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Article

Distress Levels of Parents of Children with Neurodevelopmental Disorders during the COVID-19 Pandemic: A Comparison between Italy and Australia

1
Department of Women’s and Children’s Health, Uppsala University, 752 36 Uppsala, Sweden
2
School of Psychiatry, University of New South Wales, Kensington 2052, Australia
3
Academic Unit of Child Psychiatry, South Western Sydney Local Health District & Ingham Institute, Sydney 2170, Australia
4
Department of Clinical and Experimental Medicine, University of Catania, 95124 Catania, Italy
5
Mental Health Research Unit, South Western Sydney Local Health District, Liverpool 2170, Australia
*
Authors to whom correspondence should be addressed.
Int. J. Environ. Res. Public Health 2021, 18(21), 11066; https://doi.org/10.3390/ijerph182111066
Received: 28 August 2021 / Revised: 7 October 2021 / Accepted: 14 October 2021 / Published: 21 October 2021
(This article belongs to the Topic Burden of COVID-19 in Different Countries)

Abstract

:
Parents of children with a neurodevelopmental disorder (NDD) report higher levels of distress compared to those of typically developing children. Distress levels may be heightened by the restrictions associated with the COVID-19 pandemic. However, it is unclear whether distress levels of parents varied by the diagnosis of neurodevelopmental disorder in children during the COVID-19 pandemic. This study aims to investigate whether parental distress was influenced by the type of NDD. Participants were from Australia (N = 196) and Italy (N = 200); the parents of children aged 3–18 were invited to complete an online self-reported survey which included the 6-item Kessler Psychological Distress Scale (K6) to determine parental distress. The results show that intellectual or learning disorder (ILD) is a major contributor to parental distress compared to other NDDs in both Australia and Italy. Moreover, the worsening of symptomatic changes in children with NDDs was significantly associated with parental distress. The differences between the two countries in terms of the pandemic impact, however, were not statistically significant. The results suggest that intervention strategies need to be tailored for individual clinical information and factor in the society’s stringency level of anti-contagion policies to improve parental wellbeing.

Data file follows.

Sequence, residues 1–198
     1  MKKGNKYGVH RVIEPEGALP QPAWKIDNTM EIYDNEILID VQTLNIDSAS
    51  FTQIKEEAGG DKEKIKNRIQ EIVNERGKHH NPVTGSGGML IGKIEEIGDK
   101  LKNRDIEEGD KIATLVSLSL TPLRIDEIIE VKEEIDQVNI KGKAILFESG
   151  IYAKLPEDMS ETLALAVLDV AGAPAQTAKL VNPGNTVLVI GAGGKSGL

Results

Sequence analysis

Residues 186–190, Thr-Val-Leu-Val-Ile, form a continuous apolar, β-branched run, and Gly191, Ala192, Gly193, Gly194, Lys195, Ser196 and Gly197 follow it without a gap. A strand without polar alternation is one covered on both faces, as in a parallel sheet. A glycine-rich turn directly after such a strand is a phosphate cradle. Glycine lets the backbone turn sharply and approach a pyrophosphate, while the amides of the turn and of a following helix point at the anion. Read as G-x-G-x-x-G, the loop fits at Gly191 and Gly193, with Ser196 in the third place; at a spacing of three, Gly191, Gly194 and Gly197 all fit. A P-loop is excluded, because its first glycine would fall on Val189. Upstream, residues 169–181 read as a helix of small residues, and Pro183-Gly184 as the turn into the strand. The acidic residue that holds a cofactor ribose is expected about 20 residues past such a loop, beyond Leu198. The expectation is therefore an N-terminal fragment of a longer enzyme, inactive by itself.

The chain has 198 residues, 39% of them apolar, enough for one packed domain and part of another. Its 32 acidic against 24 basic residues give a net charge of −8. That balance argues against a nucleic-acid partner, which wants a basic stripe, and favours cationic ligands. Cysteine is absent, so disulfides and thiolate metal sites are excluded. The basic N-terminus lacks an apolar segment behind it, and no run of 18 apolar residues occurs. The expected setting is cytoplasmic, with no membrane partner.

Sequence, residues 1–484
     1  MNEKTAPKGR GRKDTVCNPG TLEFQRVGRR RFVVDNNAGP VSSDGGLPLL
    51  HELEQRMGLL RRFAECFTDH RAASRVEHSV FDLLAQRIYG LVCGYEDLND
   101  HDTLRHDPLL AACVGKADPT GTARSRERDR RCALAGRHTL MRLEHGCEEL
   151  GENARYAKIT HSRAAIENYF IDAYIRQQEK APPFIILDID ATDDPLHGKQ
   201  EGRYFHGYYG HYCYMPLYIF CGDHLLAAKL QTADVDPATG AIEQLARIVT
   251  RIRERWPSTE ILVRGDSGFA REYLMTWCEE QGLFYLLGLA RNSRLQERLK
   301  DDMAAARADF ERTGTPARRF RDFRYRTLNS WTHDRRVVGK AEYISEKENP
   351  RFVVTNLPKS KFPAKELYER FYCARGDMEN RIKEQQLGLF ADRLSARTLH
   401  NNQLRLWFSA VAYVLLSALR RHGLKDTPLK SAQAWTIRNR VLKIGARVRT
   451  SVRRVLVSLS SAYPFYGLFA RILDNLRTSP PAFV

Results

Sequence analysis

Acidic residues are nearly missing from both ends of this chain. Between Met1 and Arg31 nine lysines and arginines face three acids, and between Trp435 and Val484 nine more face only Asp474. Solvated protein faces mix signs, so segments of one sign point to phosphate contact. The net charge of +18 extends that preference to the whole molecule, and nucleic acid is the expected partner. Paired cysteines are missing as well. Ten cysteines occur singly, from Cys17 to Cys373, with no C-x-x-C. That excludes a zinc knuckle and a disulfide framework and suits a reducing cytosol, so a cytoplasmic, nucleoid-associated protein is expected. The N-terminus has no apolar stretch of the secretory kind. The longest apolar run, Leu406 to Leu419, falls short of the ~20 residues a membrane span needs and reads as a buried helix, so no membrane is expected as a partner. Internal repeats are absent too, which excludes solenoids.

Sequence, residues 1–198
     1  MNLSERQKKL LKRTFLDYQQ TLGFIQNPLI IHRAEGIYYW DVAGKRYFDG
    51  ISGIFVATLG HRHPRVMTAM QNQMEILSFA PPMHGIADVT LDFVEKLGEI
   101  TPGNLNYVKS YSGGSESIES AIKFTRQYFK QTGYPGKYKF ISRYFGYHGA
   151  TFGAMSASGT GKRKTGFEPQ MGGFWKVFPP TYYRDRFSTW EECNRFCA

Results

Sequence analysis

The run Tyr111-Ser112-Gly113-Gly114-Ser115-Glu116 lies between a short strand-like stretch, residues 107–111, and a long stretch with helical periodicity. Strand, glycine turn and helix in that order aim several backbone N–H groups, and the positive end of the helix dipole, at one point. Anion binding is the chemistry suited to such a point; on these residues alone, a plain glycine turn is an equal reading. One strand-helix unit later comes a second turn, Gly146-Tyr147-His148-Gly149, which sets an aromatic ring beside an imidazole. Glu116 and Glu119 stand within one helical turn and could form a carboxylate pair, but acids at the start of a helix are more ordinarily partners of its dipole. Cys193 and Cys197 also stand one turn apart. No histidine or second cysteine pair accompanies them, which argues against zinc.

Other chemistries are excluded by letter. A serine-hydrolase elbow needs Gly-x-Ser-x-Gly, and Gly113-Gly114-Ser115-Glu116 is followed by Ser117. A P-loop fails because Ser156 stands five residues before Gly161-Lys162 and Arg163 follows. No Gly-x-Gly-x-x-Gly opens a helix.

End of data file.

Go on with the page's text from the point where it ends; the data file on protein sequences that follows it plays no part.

1. Introduction

The COVID-19 pandemic has led to changes in many different aspects of life around the world during the year 2020. Its adverse consequences have not completely subsided in 2021 due to subsequent waves of infections and variants that lead to repeated anti-contagion measures including social distancing, home quarantine, and the closure of schools. Although these measures are effective in curbing the spread of the virus, the disruption of services, social isolation, and financial insecurities have caused a huge psychological impact worldwide [1]. In particular, a high prevalence of psychological symptoms, such as anxiety and depression, has been reported in parents of young children and adolescents [2,3].
During home quarantine, family daily routines unexpectedly changed, which changed the role of parents. After the closure of schools, most parents had to combine working from home and childcare, while simultaneously homeschooling their children. Moreover, the economic implications of the COVID-19 have also been shown to negatively impact families [4,5]. The disruption of daily routines may be even more difficult for children with neurodevelopmental disorders (NDDs), as established routines are a crucial strategy to promote stability [6]. In addition, the closure of educational or other therapeutic placements meant that children with NDDs lost the professional support they need [7,8].
In general, parents of children with NDDs experience higher levels of parental distress compared to those of typically developing children [9,10]. In addition, they are more likely to experience mental health problems such as anxiety, depression and reduced sleep quality [11,12,13]. Findings from existing research suggest factors such as social support, children’s behavioural problems, economic and social status and parenting stress are key factors that contribute to psychological distress in parents of children with NDDs. Studies have also suggested that parents of children with autism spectrum disorder (ASD) report higher levels of parental distress compared to other NDDs [14,15].